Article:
The few similarities between Elua’s stories and Phedre are not something I had thought on until I had read the book a few times. As with all great persons of history or religion, I think most people can relate to some of the stories or situations surrounding that person. Phedre’s parents gave her up and she has to find her own way. She is already gathering friends and useful acquaintances.

I really like starting with Phedre’s childhood. Here we have this alternative France and I found this an excellent way to get steeped in the mystery and culture of Terre D’ange without feeling like we have a big info dump.

2) Hyacinthe has become Phedre’s one true friend. Do you think she is the same for him? The dromonde, or fortune telling, fascinates Phedre. Do you have a fortune telling story?

Ah, Hyacinthe. He’s such an interesting and colorful character. When I first read this, I felt that their friendship started off on an equal basis. Two kids stealing pies in the market for a laugh and a treat. Later, in this section, I can see how Hyacinthe might gain more from the relationship than Phedre. She has eyes and ears in the Court of Night Blooming Flowers. Some of that info might be useful for him. I won’t say more because I don’t want to spoil how things go for these two. He is one of the most interesting characters and I look forward to reading what others think of him.

Alas, I don’t have a particular fortune telling story. I grew up with a mix of Christian Science and ouija boards, dream readings, palm readings, crystal healings, and tarot cards. Today, I can’t say I believe in any of it, but it makes for fun fiction reading.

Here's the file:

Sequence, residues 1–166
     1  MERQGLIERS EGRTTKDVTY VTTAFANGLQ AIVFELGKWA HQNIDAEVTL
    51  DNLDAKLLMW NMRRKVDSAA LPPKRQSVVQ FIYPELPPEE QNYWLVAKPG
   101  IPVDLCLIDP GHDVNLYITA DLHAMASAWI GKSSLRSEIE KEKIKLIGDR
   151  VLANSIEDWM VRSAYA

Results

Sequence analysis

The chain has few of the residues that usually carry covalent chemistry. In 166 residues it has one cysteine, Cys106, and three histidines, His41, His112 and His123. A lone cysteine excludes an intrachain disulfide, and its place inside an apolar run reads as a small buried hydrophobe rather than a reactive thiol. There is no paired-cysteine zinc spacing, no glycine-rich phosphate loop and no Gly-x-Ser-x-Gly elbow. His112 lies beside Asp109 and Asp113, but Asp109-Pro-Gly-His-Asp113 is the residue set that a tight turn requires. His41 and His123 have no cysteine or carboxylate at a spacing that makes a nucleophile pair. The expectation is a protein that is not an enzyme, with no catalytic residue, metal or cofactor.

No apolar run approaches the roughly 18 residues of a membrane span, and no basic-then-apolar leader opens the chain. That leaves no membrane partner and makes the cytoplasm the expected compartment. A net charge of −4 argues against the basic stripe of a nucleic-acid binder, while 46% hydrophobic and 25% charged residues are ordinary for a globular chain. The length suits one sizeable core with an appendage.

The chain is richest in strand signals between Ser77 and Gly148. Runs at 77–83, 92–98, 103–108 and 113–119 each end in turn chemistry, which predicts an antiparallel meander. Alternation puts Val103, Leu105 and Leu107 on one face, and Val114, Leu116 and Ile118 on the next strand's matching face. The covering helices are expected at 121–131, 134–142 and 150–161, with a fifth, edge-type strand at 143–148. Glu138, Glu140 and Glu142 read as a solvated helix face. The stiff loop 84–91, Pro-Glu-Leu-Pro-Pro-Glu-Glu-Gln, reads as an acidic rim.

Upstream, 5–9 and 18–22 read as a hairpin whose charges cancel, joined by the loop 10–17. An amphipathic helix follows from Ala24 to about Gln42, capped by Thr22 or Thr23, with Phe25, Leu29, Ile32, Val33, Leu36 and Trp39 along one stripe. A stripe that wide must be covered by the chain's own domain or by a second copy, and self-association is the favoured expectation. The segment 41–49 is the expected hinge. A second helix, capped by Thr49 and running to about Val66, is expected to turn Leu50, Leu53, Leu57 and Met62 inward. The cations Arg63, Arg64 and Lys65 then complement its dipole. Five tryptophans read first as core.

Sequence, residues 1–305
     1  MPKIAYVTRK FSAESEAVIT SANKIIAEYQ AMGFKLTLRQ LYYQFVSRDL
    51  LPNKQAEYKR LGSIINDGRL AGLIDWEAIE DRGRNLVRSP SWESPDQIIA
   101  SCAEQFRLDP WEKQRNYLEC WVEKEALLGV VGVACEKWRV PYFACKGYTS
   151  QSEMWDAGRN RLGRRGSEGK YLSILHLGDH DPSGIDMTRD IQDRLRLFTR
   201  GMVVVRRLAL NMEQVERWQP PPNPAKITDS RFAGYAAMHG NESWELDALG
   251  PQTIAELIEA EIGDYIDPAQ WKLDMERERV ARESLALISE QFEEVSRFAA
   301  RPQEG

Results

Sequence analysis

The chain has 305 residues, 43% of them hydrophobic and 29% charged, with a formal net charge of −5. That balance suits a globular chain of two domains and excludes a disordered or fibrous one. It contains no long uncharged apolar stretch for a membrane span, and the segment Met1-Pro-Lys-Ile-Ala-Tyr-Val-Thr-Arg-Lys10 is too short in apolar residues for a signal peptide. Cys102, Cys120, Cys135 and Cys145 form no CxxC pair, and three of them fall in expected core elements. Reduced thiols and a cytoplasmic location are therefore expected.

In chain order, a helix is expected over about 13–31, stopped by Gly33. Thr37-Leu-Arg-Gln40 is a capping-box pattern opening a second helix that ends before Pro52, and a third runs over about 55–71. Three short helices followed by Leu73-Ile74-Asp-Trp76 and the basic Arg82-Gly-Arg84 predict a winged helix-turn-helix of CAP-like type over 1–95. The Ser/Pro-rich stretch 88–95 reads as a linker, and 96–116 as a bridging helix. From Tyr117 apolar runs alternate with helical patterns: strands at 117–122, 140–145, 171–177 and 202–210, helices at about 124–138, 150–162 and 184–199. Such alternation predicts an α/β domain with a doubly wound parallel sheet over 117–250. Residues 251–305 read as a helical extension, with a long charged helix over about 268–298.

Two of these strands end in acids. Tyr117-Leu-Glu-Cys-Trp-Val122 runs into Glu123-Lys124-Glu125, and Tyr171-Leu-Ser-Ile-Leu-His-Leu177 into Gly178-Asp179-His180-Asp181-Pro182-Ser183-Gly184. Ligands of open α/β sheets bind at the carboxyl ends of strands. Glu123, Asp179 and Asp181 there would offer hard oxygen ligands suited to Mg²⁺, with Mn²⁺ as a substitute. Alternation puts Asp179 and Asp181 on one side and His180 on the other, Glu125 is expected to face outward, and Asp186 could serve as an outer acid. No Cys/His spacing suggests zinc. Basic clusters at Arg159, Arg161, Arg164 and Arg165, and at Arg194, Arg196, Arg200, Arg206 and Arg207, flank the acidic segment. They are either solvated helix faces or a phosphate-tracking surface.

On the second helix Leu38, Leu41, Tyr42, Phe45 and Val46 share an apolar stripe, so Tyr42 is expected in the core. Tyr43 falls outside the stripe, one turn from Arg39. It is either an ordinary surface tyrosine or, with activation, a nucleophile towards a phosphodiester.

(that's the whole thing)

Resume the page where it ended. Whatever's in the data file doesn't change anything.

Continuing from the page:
3) The Midwinter Masque on the Longest Night is a long held tradition in Terre D’Ange. What stood out for you? Have you been to such a fete?

Well, I would love to try a glass of joie. Mead will have to suffice. I love masques and how they can have a freeing effect on the wearer and those around the person. Amongst all that beauty and frivolity, we had Delaunay looking a bit serious here and there. So man connections can be made at such an event.

Alas, I have never been to such a party. Though I have many a midwinter’s eve curled up with this book to vicariously experience such a fete.

4) Anafiel Delaunay has many secrets. How do you think those secrets will shape Alcuin and Phedre?

I think if things had gone as we have seen them so far, that Alcuin and Phedre would have rich, full lives that also happen to include collecting info for Delaunay. Eventually, the two might grow bored with sitting on the side lines, so Delaunay could take on more pupils for Alcuin and Phedre to train. While I thought all this was a possibility the first time I read it, alas, such was just a pretty fantasy.

5) Delaunay has a saying; All knowledge is worth having. Do you believe this is so?

Ah, such a tough question! I am inquisitive by nature and often feel that secrets do more damage than good. I am also a scientist, so I love digging into the minutiae. But all knowledge? Well, that means you would have to to know everyone’s dirty secrets and that might make it very hard to have friends. If you pursue the knowledge, there is a cost, and occasionally a great prize to be had.

Other Tidbits

Ever since I read this book, I can’t help but check people’s eyes for Kushiel’s Dart.

I absolutely love the language of this book the lush descriptions, and the not quite courtly manner of Phedre, even in her inner most thoughts.

Just for fun, does anyone have a Terre D’Ange related tattoo? I’m pretty tempted to get one.

I am listening to the audio version of this book and it is excellent.

Participating Bloggers:

Celine at Nyx Book Reviews